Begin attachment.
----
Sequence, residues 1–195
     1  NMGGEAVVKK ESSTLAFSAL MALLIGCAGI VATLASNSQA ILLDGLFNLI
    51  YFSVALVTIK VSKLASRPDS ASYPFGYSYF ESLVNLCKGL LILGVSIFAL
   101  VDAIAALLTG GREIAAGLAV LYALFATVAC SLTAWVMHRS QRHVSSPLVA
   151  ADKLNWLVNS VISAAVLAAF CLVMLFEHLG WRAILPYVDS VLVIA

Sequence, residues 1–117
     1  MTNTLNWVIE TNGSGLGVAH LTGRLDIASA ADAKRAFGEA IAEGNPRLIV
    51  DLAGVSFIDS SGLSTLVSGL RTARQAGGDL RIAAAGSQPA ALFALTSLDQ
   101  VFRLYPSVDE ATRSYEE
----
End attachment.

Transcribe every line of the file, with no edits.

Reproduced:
Sequence, residues 1–195
     1  NMGGEAVVKK ESSTLAFSAL MALLIGCAGI VATLASNSQA ILLDGLFNLI
    51  YFSVALVTIK VSKLASRPDS ASYPFGYSYF ESLVNLCKGL LILGVSIFAL
   101  VDAIAALLTG GREIAAGLAV LYALFATVAC SLTAWVMHRS QRHVSSPLVA
   151  ADKLNWLVNS VISAAVLAAF CLVMLFEHLG WRAILPYVDS VLVIA

Sequence, residues 1–117
     1  MTNTLNWVIE TNGSGLGVAH LTGRLDIASA ADAKRAFGEA IAEGNPRLIV
    51  DLAGVSFIDS SGLSTLVSGL RTARQAGGDL RIAAAGSQPA ALFALTSLDQ
   101  VFRLYPSVDE ATRSYEE